One Remote Island’s Battle Against Acid-Spewing Ants


Notorious invaders likely native to West Africa or perhaps Asia, crazy ants cross the high seas on driftwood or as stowaways on vessels, and they have infiltrated many Pacific islands. Once established, crazy ants storm over any ground-nesting seabirds in their path, blinding and maiming those that don’t flee. For years they have threatened to turn this place, called Johnston Atoll, into an avian wasteland.

But this abandoned nubbin of land happens to be home to hundreds of thousands of nesting seabirds, among the remotest gatherings on earth. Thus it is also home to the Crazy Ant Strike Team, a U.S. Fish and Wildlife Service project designed to protect them. Every six months a new five-person crew rotates in, sets up camp—their only links to the outside world a 1990s-quality Internet connection and a satellite phone for emergencies—and gets down to the business of killing crazies.

Those teams have been far more successful than anyone anticipated at knocking back the enemy, and 14 species of seabirds now nest on the ant-free parts of the island—in insane numbers. The air itself has the pungent, musty odor of guano. The midday sky is a swirl of wings: Piratical Great Frigatebirds dive-bomb shearwaters and steal their fish; colonies of thousands of terns and noddies cover the island’s eastern tip, blasting a cacophony of caws and screeches for a mile. There are signs of death, of course, as in the severed head of a White Tern (prey for a Short-eared Owl that likely flew thousands of miles from mainland Asia or North America), but Johnston is boisterously, overwhelmingly alive.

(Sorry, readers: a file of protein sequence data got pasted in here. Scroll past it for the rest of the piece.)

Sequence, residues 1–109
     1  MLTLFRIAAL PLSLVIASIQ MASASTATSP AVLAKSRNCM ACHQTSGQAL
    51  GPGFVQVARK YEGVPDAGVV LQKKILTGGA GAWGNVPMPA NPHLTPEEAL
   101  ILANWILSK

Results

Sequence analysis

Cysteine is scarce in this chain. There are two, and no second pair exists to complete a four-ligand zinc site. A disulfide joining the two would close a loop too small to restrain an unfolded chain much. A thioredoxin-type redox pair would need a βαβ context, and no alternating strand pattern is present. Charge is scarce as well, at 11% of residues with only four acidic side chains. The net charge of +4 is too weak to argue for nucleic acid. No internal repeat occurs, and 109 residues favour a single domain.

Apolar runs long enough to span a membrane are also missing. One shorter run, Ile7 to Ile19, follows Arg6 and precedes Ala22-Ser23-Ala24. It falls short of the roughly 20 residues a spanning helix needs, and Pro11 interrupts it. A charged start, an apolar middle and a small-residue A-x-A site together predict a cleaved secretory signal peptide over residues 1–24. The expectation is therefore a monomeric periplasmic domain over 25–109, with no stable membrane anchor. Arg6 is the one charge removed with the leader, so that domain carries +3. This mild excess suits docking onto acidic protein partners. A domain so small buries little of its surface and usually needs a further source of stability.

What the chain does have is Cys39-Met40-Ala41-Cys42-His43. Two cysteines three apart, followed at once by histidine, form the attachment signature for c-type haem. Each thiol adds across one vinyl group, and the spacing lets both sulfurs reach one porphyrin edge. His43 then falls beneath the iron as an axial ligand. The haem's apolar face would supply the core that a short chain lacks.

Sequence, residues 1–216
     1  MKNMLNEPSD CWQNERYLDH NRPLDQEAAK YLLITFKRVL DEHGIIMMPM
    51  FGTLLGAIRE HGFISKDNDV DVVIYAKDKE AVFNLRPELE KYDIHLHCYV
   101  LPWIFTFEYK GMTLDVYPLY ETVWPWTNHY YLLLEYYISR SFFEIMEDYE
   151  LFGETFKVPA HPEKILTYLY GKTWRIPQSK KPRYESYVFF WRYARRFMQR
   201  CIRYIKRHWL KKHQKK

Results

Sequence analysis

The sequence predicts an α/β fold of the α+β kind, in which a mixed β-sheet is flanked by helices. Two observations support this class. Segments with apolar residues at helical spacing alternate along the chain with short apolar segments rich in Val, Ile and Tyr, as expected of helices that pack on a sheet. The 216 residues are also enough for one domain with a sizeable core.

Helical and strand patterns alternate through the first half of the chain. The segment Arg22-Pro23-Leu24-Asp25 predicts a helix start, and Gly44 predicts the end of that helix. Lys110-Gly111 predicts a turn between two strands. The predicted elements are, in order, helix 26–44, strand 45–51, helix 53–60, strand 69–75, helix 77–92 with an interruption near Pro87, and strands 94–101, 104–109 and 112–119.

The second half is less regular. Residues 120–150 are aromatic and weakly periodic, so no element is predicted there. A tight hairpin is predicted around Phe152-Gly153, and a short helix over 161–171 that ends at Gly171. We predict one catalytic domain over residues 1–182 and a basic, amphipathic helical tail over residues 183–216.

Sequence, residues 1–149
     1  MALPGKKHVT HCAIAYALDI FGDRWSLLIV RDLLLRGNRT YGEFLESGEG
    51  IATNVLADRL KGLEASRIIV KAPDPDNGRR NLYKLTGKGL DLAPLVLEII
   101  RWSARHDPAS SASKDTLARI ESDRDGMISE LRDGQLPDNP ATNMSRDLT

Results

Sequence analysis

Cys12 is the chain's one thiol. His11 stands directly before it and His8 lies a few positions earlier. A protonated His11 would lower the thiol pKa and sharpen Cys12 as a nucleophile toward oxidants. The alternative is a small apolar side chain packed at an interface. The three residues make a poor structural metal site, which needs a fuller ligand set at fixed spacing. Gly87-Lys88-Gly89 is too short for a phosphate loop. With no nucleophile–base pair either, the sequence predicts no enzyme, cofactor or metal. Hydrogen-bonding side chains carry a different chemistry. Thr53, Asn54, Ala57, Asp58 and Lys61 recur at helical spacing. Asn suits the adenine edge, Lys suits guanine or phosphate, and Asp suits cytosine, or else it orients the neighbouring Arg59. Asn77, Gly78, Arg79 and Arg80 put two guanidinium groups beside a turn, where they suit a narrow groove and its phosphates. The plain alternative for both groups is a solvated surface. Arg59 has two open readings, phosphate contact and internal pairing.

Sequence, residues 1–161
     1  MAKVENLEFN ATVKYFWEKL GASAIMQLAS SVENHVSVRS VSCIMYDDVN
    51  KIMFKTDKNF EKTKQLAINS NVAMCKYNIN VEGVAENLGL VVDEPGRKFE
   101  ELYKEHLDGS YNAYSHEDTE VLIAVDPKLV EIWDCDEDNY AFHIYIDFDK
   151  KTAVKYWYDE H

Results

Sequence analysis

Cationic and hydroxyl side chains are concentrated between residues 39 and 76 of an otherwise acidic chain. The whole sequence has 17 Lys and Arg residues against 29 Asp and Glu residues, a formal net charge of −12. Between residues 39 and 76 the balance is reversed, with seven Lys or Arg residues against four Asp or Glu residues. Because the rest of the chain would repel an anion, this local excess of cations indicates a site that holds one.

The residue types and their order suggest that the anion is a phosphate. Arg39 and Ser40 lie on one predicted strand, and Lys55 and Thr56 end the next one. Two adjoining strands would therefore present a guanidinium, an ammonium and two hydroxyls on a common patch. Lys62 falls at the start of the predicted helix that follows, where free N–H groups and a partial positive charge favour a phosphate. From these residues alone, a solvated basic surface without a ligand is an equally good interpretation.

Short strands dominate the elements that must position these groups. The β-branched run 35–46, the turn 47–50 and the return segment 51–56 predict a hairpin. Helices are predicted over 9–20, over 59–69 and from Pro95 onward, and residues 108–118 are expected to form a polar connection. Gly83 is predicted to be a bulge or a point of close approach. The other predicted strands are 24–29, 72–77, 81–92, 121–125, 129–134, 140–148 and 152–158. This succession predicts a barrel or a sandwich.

Even in the quieter areas, the hostile squaaaaawks of Red-tailed Tropicbirds nestled in the brush are a startling reminder that this turf belongs to the birds. The eight-foot-tall pluchea bushes are bursting with Red-footed Boobies ranging in size from eggs to fluffball chicks to almost-fledglings to full-blown adults, all perched among the limbs like ornaments on a Christmas tree.

shared via:
article: Alisa Opar
photo: Tristan Spinski


Leave a Reply

Fill in your details below or click an icon to log in: Logo

You are commenting using your account. Log Out / Change )

Twitter picture

You are commenting using your Twitter account. Log Out / Change )

Facebook photo

You are commenting using your Facebook account. Log Out / Change )

Google+ photo

You are commenting using your Google+ account. Log Out / Change )

Connecting to %s